The fifth and last assembly to be held at the Franklin Fair Grounds was from August 4 to August 12, 1900. Before the programs were completed, and advertisements were sent out, all accommodations had been filled. Two-hundred tents had been prepared and all the horse stalls were taken. The list of speakers and entertainers was filled to capacity, as well as the crowds.
Soon the Franklin Fair Grounds outgrew its public capacity and the stockholders searched for another suitable location. Mr. Cromer was seeking the Van Derveer Grove, the present site of Chautauqua, while Dr. F.R. Evans was interested in the Evans Woodland on what is now old Route 73 between Franklin and Middletown.
Chautauqua now had its finances in order and seeking a new home held top priority. The stock, which at this time had an assessment of $12.00 per share, now doubled in value. New shares were issued and the total number of stockholders jumped to 39. A group from Dayton, headed by E.S Lorenz, entered the picture and led in the effort to purchase the Van Derveer land.
On the west side of the Great Miami River, immediately north of the defunct Franklin Hydraulic Company's dam, was located the new home of Chautauqua. On the 41 acres were constructed the Bellevue dining hall, with sleeping capacity for 54, and an open-air auditorium that would seat 5,000. A Tent-town of 200 white tents was laid out in rows along the river. All this was prepared for opening day on Friday, July 26, 1901.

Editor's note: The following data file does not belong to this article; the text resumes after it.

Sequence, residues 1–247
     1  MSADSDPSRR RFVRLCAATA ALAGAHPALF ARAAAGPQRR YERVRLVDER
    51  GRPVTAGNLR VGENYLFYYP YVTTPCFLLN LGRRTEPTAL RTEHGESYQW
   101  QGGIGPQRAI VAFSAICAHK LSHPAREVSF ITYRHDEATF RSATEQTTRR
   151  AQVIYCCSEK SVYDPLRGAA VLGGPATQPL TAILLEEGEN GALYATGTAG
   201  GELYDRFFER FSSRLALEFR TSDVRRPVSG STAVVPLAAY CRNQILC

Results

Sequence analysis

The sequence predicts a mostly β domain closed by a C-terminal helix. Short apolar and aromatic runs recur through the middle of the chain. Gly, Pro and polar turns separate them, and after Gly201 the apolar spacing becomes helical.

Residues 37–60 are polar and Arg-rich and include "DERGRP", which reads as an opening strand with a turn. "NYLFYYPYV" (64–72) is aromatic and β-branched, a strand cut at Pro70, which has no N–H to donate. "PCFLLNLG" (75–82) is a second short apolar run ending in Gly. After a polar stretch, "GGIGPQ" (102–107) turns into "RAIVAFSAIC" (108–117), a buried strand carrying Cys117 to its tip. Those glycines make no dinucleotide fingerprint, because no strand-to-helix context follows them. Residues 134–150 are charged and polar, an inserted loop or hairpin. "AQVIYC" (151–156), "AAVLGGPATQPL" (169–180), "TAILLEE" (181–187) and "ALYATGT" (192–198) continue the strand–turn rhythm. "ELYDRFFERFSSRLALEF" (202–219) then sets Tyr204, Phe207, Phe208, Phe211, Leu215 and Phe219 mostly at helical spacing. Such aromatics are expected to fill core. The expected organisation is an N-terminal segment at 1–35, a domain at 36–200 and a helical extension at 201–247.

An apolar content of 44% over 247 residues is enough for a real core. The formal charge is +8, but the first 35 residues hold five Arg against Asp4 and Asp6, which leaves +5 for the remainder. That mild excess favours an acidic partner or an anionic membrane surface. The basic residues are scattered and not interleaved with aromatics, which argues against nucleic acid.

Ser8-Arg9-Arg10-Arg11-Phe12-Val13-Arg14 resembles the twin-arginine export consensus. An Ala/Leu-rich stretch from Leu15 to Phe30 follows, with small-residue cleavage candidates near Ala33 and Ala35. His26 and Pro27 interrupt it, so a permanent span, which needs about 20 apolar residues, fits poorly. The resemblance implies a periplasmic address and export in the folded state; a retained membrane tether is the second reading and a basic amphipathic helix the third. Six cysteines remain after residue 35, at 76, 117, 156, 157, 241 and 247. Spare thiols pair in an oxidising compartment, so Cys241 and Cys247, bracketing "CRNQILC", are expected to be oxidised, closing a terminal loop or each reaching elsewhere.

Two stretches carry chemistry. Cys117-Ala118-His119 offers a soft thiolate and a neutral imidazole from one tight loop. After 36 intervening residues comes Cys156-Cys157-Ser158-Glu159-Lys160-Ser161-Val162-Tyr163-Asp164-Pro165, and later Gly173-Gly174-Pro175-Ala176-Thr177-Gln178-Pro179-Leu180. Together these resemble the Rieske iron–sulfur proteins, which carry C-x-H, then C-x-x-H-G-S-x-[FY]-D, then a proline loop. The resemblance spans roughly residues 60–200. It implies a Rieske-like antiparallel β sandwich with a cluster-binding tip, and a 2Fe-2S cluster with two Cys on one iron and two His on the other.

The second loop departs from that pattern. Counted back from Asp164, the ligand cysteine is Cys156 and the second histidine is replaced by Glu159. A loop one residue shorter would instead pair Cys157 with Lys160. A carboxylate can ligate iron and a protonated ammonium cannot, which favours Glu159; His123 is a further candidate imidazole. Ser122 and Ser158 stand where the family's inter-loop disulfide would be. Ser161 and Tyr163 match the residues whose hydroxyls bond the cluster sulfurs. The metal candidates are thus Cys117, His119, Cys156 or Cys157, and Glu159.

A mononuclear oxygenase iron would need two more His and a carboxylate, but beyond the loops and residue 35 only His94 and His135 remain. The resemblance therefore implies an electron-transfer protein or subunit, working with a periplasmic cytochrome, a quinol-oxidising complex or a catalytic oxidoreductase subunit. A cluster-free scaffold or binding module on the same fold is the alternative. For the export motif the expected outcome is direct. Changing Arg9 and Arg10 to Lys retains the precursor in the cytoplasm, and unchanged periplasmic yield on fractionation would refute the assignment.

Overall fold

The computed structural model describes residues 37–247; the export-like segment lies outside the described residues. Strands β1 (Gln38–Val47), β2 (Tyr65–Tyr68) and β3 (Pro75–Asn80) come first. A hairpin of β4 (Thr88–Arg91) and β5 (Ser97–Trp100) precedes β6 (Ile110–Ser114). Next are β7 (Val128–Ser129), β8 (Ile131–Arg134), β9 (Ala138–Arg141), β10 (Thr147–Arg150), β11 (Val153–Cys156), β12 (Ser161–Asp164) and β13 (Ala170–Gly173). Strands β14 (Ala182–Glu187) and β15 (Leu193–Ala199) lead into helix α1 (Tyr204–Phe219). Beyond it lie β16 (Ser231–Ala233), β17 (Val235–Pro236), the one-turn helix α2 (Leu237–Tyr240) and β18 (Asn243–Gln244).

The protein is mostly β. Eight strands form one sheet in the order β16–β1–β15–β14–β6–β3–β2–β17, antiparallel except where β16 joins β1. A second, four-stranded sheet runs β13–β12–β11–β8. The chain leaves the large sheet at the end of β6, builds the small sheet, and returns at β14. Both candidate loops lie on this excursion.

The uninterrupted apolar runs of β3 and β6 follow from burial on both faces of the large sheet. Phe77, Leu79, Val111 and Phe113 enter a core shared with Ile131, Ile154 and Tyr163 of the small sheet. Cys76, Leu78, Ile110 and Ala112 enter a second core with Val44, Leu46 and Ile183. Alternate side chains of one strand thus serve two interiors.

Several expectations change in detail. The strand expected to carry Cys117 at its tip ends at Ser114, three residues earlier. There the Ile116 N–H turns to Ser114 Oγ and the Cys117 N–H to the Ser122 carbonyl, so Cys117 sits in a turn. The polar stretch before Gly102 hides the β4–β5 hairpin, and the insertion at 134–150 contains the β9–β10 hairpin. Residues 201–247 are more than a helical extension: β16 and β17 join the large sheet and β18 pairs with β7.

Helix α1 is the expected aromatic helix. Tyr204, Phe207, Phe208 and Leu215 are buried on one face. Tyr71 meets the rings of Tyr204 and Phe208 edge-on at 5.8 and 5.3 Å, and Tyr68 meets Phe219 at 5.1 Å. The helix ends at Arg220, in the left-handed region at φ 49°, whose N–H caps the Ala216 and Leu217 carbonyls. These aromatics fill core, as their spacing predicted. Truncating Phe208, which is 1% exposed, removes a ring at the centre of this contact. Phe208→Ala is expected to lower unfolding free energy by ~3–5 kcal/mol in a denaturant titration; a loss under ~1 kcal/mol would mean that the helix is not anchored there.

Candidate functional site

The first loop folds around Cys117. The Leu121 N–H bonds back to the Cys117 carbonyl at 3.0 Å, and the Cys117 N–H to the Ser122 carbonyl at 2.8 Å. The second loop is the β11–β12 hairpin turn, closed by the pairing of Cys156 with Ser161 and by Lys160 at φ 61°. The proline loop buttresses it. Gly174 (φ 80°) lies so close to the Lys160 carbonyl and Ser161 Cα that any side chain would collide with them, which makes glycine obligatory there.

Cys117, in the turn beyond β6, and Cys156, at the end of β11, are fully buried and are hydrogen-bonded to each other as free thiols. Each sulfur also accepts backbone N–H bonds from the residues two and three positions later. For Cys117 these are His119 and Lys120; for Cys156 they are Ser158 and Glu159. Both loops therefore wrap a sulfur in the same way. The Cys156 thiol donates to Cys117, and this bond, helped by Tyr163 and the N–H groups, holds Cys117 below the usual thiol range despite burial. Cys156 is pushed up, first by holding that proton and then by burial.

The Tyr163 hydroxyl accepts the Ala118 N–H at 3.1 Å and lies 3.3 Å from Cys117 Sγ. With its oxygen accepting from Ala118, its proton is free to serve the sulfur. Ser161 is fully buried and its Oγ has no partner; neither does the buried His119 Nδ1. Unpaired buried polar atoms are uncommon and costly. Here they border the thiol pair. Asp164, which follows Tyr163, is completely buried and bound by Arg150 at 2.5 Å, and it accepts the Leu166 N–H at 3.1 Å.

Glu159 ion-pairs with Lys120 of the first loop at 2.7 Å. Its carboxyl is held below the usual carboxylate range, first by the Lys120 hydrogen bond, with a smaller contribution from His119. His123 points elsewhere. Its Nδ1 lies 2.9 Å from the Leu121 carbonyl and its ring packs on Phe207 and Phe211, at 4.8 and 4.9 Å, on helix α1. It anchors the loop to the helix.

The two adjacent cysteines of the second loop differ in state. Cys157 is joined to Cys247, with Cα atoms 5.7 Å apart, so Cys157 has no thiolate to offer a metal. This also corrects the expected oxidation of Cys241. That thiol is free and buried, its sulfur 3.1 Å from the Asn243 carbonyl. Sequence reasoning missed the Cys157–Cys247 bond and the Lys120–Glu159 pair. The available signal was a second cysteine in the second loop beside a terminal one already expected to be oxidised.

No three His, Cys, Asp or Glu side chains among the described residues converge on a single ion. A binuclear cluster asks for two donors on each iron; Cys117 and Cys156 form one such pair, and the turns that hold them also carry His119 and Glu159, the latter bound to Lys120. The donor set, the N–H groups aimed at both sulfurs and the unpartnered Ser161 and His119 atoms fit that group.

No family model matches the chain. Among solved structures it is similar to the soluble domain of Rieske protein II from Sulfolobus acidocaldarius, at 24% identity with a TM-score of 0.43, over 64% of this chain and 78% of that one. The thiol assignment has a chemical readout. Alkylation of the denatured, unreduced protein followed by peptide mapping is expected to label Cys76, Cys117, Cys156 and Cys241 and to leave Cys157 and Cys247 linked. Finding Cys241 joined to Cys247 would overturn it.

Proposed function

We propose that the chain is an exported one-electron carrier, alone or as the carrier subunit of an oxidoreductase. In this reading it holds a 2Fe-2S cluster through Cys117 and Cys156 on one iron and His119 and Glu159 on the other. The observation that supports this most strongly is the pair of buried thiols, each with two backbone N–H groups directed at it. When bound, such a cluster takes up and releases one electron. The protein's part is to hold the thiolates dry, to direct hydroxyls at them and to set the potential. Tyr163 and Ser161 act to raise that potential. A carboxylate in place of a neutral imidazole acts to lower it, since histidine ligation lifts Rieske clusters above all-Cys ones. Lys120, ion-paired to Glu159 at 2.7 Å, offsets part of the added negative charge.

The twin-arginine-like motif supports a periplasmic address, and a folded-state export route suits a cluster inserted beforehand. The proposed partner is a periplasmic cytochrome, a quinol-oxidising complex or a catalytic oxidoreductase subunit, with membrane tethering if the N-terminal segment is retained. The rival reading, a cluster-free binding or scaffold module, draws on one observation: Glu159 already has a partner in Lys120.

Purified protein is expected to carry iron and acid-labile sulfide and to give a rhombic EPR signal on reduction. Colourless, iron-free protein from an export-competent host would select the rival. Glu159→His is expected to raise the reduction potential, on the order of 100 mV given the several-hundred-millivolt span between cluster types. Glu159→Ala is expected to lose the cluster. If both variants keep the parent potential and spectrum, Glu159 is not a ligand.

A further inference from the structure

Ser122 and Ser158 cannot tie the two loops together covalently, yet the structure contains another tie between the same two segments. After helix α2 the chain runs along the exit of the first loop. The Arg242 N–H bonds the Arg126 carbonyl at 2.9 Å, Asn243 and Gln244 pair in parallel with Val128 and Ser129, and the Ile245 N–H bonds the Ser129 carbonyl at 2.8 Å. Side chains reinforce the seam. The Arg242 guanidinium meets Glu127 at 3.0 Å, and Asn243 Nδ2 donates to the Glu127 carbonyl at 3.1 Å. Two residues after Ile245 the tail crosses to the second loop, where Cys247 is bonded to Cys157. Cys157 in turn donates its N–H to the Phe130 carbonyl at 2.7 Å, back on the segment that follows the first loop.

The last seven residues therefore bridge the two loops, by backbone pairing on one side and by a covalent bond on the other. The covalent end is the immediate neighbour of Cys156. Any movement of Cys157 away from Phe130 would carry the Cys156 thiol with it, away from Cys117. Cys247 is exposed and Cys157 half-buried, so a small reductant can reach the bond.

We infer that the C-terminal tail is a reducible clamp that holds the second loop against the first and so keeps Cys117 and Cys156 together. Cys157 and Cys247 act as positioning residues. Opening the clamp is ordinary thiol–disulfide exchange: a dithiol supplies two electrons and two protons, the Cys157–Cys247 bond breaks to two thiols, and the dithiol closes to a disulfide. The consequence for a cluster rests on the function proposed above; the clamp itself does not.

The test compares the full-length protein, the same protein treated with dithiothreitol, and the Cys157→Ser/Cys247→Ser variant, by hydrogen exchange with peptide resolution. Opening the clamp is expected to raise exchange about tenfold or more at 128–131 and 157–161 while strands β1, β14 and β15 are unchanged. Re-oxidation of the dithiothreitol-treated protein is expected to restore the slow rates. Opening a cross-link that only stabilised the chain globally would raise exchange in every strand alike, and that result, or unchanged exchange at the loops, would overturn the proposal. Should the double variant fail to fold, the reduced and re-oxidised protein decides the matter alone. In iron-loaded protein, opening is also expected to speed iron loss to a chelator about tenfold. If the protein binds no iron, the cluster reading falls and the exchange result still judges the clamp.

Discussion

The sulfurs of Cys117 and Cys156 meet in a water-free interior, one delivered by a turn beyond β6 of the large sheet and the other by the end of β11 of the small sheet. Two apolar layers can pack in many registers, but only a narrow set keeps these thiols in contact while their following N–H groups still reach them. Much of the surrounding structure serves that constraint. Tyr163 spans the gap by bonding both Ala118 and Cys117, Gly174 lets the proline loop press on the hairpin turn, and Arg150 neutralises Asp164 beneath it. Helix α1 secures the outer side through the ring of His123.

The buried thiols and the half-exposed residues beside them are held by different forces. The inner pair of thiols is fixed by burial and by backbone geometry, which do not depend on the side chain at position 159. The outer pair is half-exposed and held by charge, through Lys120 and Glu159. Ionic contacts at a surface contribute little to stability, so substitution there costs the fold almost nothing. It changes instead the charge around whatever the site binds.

With Chautauqua's move to it new location, one means of foot traffic was resolved by construction of a three-span iron foot bridge over the Great Miami from present Dixie Highway. Additionally, 1200 trees of forty varieties were dug up near Crane's Run and floated across the Great Miami to be planted in the park.
(Four different modes of transportation were within viewing distance of the new grounds. Many arrived by the Southern Ohio Traction Line, a few arrived by canal boat, others came on special cars of the Big Four R.R., and upon the dusty pike came a multitude of horse-drawn vehicles.)
In 1902, the purchase of 40 more acres was added to the grounds. Lots were bought and utilized in the building of cabins.
By August 1908, the number of cottages had reached 60. Restrictions were issued that prevented owners from using their cottages other than summer homes. The grounds were the only location in the State of Ohio bought, owned and operated solely for Chautauqua objectives.
In 1909, Chautauqua was recognized by the United States Post Office and granted a summer post office which placed the institution on the map.
Mr. Cromer ran Chautauqua in a dictator-like manner. You could not buy a cigar or anything else on the grounds on Sunday. Recreational undertakings such as boating, public bathing or any other outdoor activities, were prohibited.
A new set of rules were brought forth in 1912 which stated that management was to be in the hands of an executive committee and general manager, and that the Company property was to be held by a Board of Trustees. Three persons were selected from the cottage owners, three from each of various religious denominations, and a few selected at large.
The flood of March 1913 brought ruin to Chautauqua, causing the assembly program to be discontinued for the summer.